Comment voulez-vous gouverner un pays qui a deux cent quarante-six variétés de fromage?
Charles de Gaulle’s plaintive question — “How does one govern a country which has two hundred and forty-six varieties of cheese?” — is well considered in this time.
History is painted heavy with the woeful tales of shattered nations. Yet while we dramatize war and destruction, social upheaval, and economic downfall, much less do we romanticize the quiet, constant work of those who attempt to rebuild countries in ruin. And rarely do we celebrate the courage of the hard, often unpopular choices forced on them.
Gerald Ford’s presidency and 1976 re-election bid suffered morbidly from his controversial pardon of the disgraced Nixon. The victorious Carter opened his inaugural speech with a pardon of his own, saying to Ford before the whole world, “On behalf of all the American people, we thank you for healing the land.” In so doing, he credited Ford for beginning that process, and pledged to carry it forward.
As America enters a new era of hope in the looming wake of what many are calling the most destructive presidential administration in our history, we must ready ourselves for the challenge of restoring unity of vision and purpose to a deeply fractured society. Both candidates emphasized this on election night:
McCain: “I urge all Americans…to come together to find the necessary compromises to bridge our differences and help restore our prosperity, defend our security in a dangerous world, and leave our children and grandchildren a stronger, better country than we inherited. Whatever our differences, we are fellow Americans.”
Obama: “In this country, we rise or fall as one nation, as one people. Let us resist the temptation to fall back on the same partisanship and pettiness and immaturity that has poisoned our politics for so long. Let us remember that it was a man from this state who first carried the banner of the Republican Party to the White House, a party founded on the values of self-reliance and individual liberty and national unity. Those are values that we all share.”
Left out of these transcripts are the responce of the crowds in attendance. Many listening to McCain’s concession speech loudly booed and derided Obama and the Democrats, and even, it seemed, McCain’s own good grace toward his opponents. For a man who has spent years being derided and abused by his own party, it must have been painful indeed to plead for simple courtesy from his own supporters. Some of Obama’s supporters also failed to flatter him, and we may only imagine what might have transpired in the aftermath of his loss.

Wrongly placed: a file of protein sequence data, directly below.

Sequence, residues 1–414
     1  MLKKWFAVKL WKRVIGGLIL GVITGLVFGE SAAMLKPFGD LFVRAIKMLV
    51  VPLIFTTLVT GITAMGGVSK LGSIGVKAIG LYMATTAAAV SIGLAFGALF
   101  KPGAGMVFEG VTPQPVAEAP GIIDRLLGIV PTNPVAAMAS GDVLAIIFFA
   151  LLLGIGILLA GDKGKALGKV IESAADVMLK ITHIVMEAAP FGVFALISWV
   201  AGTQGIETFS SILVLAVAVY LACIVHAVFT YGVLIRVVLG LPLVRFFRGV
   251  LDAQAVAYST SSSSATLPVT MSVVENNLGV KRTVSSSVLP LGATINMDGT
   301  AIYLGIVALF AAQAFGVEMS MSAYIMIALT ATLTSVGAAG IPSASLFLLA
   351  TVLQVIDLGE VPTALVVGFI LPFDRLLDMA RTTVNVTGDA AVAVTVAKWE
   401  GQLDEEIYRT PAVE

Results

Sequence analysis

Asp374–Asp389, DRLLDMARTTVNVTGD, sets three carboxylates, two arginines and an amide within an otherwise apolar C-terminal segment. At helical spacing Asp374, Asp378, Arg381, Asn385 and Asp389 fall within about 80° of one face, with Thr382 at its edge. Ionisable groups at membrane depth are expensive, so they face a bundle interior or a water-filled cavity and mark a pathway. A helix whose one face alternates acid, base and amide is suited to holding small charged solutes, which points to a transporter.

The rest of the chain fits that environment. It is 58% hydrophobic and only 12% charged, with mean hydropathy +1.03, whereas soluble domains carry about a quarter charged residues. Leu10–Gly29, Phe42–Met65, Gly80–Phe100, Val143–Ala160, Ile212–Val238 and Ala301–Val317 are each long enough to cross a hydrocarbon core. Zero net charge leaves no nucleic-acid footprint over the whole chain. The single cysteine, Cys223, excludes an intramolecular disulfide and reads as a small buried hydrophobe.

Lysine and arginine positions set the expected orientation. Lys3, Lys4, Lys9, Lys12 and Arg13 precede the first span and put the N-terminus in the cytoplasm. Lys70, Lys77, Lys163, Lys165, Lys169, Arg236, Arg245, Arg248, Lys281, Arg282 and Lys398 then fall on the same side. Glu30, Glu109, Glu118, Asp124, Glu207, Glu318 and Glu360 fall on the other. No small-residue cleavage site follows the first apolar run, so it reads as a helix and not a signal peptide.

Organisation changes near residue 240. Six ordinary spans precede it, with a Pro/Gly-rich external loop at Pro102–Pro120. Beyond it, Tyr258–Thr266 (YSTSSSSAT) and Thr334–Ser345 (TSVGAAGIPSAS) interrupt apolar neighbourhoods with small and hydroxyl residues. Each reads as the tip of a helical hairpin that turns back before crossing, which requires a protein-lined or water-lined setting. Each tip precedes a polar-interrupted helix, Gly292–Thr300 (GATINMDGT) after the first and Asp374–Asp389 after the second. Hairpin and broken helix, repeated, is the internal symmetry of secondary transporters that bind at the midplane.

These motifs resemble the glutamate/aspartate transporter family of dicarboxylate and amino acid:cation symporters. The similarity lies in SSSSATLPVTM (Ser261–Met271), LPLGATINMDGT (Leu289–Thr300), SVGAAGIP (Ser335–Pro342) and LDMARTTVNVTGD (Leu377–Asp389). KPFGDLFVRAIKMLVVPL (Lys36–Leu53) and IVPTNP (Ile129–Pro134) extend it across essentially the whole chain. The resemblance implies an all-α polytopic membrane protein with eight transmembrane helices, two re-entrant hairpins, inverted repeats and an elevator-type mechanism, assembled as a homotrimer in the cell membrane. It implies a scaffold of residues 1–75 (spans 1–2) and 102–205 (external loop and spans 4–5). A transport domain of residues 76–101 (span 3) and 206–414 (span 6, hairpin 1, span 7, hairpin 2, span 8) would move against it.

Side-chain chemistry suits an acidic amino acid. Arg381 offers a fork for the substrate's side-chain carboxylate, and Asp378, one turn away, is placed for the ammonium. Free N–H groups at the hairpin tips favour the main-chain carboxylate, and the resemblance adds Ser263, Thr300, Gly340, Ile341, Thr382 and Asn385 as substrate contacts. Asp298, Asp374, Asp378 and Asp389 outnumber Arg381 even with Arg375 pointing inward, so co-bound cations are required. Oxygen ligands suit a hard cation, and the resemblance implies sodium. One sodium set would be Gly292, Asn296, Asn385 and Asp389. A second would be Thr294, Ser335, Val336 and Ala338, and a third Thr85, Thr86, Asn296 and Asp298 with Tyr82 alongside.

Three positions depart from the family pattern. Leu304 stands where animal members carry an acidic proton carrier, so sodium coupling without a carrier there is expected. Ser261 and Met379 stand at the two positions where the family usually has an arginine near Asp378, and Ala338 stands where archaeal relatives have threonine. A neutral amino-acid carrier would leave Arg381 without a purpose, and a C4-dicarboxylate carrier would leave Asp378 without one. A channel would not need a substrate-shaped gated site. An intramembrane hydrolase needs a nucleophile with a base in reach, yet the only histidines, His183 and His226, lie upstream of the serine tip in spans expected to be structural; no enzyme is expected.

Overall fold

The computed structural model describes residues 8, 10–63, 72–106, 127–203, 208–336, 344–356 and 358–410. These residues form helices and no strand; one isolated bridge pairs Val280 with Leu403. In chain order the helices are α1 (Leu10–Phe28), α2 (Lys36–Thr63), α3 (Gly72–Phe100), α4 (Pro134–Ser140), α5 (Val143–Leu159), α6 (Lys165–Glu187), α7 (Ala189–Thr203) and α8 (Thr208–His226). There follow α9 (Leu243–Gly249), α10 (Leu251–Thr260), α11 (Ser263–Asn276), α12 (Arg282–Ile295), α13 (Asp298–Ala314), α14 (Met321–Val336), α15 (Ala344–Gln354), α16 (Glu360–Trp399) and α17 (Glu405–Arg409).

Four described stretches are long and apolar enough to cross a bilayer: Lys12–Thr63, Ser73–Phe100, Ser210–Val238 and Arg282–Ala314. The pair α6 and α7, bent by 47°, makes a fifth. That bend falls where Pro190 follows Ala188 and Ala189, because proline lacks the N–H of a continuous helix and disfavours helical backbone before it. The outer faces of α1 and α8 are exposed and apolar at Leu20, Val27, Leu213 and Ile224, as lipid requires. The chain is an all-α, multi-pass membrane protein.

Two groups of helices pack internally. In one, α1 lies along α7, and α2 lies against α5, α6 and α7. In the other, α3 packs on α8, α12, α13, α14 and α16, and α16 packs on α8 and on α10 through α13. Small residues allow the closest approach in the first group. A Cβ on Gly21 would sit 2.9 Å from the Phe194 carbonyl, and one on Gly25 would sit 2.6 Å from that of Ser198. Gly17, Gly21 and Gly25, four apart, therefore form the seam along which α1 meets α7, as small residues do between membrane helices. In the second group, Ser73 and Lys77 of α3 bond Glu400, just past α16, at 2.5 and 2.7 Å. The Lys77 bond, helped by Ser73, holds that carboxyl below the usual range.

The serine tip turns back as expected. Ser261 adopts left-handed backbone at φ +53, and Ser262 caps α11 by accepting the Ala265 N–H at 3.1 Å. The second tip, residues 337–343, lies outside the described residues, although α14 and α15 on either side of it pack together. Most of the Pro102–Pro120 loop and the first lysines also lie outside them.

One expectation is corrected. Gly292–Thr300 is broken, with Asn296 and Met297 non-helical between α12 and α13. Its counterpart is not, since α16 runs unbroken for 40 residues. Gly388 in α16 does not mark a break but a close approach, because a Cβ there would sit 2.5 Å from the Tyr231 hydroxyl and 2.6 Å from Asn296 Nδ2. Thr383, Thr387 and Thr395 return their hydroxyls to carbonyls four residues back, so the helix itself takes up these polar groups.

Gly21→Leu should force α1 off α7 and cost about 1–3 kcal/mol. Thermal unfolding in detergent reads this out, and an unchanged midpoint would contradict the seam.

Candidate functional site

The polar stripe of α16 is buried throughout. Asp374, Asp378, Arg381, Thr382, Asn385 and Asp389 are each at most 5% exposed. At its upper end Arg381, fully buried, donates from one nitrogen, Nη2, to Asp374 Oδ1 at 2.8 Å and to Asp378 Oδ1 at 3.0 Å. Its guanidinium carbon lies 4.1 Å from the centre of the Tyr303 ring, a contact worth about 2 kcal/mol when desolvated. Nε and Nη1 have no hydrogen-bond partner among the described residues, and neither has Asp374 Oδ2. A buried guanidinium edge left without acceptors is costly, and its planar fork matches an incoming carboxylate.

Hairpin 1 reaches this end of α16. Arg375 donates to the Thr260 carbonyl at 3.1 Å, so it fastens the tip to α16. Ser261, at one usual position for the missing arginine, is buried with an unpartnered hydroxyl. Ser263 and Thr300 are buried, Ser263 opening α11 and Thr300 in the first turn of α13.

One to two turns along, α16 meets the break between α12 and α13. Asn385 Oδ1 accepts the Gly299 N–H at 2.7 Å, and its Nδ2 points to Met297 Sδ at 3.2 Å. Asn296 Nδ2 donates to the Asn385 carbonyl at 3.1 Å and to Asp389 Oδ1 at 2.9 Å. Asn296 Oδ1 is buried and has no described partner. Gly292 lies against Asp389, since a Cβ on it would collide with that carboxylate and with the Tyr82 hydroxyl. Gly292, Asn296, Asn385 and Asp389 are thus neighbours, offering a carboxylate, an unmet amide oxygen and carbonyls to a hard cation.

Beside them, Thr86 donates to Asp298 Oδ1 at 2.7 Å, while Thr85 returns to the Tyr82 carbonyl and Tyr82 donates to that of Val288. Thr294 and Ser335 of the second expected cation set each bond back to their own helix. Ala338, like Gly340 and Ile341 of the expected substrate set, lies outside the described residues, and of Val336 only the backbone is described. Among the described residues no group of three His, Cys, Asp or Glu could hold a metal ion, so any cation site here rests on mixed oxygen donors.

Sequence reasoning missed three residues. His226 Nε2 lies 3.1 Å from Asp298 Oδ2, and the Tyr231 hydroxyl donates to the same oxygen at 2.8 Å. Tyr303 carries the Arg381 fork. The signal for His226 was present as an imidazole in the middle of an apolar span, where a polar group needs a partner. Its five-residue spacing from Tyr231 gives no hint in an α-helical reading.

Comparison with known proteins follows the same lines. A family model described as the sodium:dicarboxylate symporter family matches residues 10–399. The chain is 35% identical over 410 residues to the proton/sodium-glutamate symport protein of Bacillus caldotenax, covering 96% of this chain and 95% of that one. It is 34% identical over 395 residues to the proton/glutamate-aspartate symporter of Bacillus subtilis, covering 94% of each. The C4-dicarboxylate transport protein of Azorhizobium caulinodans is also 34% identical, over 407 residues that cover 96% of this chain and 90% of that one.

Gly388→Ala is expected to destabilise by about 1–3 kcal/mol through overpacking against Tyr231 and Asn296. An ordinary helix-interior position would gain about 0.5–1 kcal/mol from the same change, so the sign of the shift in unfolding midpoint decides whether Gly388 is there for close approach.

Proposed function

Many people seem unable to accept that there are victors and losers in every contest, yet we all share the consequences no matter who wins. A democracy governs through debate and compromise, not concensus, which is only necessary. Robert Heinlein said, more than three people can’t agree on when to have lunch. How could a nation of millions maintain itself in inflexibility and intolerance?
Yet just under the glow of an historic triumph, intolerace prevailed across a divided land, as four states passed antigay measures, including three marriage bans. That support ran strong among populations with their own history of marginalisation is disheartening. We would do well to consider that were civil rights routinely subjected to Alexis de Toqueville’s “tyranny of the majority,” our history would be very different indeed.
In the aftermath of 9/11 — an event that galvanized American determination, but also blinded us to reason — the familiar heartswelling motto, United We Stand, emblazoned homes, vehicles, and business across the land. But forgotten in that jingoistic fever, then and now, is its complementary caution, Divided We Fall.
The social and political divisions of our nation and society run long and deep, and will not be healed overnight. “The road ahead will be long,” Obama warns. “Our climb will be steep. … There will be setbacks and false starts.” He could harly overstate it. As we go forward into an exciting and unknown future, we must remind ourselves at every turn that our strength in history has been our unity, over our differences, and our sharing of the burdens and benefits of governance, over our narrow insistence that merely because we desire it, we should expect to get our way, and that others must agree.
In this, the challenge is not just for Democrats to mend differences between themselves and Republicans, but, as disturbingly illustrated by McCain’s hecklers, the refusal of some to respect those who think, feel, and live differently, or to accept them as fellow citizens with equal rights.
So here’s wishing good luck to the new president when he takes office in two and a half months, and good wishes and thanks also to his noble and gracious opponent, hope and sympathy for both their supporters, and mercy and grace to us all as we attempt to clean up the aftermath, pursue our shared path forward, and seek to heal the land.